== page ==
- The best individual stock performer this week was Constellation Brands which rose 39.7 percent as the company bought the other half of its joint venture with Grupo Modelo, giving the company sole distribution of Modelo’s brands in the U.S. including Corona.
- The technology sector lagged as tech heavyweights such as Intel, Hewlett-Packard and EBay all fell for the week.
- Retailers and related names also tended to struggle this week as disappointing earnings guidance from O’Reilly Automotive appeared to begin a negative cascade that took down several high flying stocks such as Chipotle Mexican Grill and Ross Stores.
- Managed care companies were negatively impacted by the Supreme Court ruling upholding the Affordable Care Act as Wellpoint, Coventry Health and Aetna were among this week’s worst performers.
- With the Fourth of July holiday in the middle of the week next week, expect muted trading activity. However, the European Central Bank is expected to cut interest rates on July 5 and unemployment data will be released next Friday.
- Europe positively surprised the market this week but the threat remains that the EU Summit proposals will be unable to be implemented in a timely fashion.
The Economy and Bond Market
Treasury yields were little changed for the week but show a downward bias. The week was volatile as the market braced for two events, the Supreme Court ruling on healthcare legislation and the EU Summit. While the healthcare ruling will likely affect us more directly the bigger news of the week for the markets was the proposals put forward at the EU Summit. Southern European countries rallied the most on the positive news with Spanish bond yields hitting the lowest level in three weeks, while German yields moved higher on the news.
- Durable goods orders rose a better than expected 1.4 percent in May, breaking a string of declines.
- New home sales rose 7.6 percent in May, which is the largest increase since April 2010. The supply of new homes also fell to 4.7 months, which is the lowest level in nearly seven years.
- In another confirmation of strength in housing, the S&P/Case-Shiller 20-city home price index rose 1.3 percent in April.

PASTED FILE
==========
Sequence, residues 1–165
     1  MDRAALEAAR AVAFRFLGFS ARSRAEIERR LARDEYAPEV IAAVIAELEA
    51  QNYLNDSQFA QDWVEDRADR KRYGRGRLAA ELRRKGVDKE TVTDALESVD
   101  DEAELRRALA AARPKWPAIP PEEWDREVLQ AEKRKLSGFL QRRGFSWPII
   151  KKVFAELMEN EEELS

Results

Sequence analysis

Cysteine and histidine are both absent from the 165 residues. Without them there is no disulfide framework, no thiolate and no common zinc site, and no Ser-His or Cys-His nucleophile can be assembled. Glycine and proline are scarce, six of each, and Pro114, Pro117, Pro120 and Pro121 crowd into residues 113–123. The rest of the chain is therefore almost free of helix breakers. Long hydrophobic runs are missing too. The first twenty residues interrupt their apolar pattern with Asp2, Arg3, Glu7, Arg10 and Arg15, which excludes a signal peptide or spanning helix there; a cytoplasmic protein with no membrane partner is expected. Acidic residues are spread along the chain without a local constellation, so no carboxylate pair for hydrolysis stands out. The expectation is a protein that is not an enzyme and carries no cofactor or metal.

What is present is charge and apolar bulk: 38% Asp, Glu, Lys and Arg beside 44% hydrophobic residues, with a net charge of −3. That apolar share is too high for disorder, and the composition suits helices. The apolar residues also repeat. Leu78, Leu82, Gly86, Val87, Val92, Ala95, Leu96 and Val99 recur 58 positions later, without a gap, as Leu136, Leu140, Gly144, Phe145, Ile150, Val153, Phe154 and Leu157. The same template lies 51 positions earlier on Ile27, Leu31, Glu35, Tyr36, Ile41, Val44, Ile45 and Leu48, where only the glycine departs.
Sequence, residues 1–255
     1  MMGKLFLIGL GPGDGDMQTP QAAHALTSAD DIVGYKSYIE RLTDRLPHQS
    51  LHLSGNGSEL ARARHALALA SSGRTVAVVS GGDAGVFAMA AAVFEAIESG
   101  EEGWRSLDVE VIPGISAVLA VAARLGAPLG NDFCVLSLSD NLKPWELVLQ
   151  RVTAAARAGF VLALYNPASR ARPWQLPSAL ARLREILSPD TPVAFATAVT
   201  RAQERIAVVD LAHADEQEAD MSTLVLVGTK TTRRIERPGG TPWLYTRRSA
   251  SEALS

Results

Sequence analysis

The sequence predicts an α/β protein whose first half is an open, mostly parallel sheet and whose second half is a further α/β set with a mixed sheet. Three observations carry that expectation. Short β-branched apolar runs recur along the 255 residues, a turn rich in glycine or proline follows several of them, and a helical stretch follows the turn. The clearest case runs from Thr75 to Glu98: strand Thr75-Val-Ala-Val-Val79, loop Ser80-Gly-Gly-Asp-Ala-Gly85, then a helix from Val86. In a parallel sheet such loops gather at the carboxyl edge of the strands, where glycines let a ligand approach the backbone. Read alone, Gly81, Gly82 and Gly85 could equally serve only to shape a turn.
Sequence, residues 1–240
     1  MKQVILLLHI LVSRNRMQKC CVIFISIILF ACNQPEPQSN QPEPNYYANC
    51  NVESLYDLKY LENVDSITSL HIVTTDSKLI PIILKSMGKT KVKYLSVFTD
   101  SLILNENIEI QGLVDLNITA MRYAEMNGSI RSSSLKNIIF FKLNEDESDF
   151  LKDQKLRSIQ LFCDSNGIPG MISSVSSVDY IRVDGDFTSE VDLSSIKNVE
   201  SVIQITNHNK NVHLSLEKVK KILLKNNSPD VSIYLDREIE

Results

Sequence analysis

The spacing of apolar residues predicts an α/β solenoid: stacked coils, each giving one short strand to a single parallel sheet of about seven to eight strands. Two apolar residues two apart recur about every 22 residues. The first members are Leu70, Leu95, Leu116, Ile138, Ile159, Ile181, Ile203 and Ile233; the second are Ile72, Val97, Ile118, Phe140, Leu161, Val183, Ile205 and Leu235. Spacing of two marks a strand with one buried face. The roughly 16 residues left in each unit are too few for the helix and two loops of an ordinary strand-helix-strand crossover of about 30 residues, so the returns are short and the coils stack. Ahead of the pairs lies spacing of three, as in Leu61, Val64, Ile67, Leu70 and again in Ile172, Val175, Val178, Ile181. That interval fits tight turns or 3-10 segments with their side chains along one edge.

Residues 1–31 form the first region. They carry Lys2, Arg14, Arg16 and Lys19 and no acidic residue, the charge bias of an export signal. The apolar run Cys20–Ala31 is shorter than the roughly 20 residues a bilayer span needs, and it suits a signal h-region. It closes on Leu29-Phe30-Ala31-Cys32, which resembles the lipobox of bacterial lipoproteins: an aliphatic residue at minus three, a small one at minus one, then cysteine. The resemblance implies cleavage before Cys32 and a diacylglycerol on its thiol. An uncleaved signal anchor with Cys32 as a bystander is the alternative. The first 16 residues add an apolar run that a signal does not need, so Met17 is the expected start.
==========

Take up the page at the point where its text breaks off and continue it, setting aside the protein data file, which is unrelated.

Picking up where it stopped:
- Consumer confidence fell short of expectations and has now declined for four months in a row.
- Weekly initial jobless claims remain stuck in neutral and are indicating softness for the economy and the employment picture.
- The Brazilian central bank lowered its growth forecast for 2012 to 2.5 percent from 3.5 percent.
- The Fed reaffirmed its commitment to an ultra low interest rate policy through 2014 and additional monetary easing is possible in the near future.
- Europe remains a wildcard with the markets shifting focus on a weekly basis.
For the week, spot gold closed at $1,597.40 up $24.95 per ounce, or 1.59 percent. Gold stocks, as measured by the NYSE Arca Gold Miners Index, rose 0.25 percent. The U.S. Trade-Weighted Dollar Index lost 0.80 percent for the week.
- Gold jumped more than $44 on Friday on the expectations that investors will boost their gold holdings as Europe moves forward with a plan that could lead to more stimulus while the healthcare tax in the U.S. is likely to drive costs higher as more people will have access to healthcare but the new law does nothing to increase the supply of doctors and other healthcare professionals. Data shows that despite the near bear market in gold, investors added almost $2 billion to their holdings in gold-backed exchange-traded funds in June.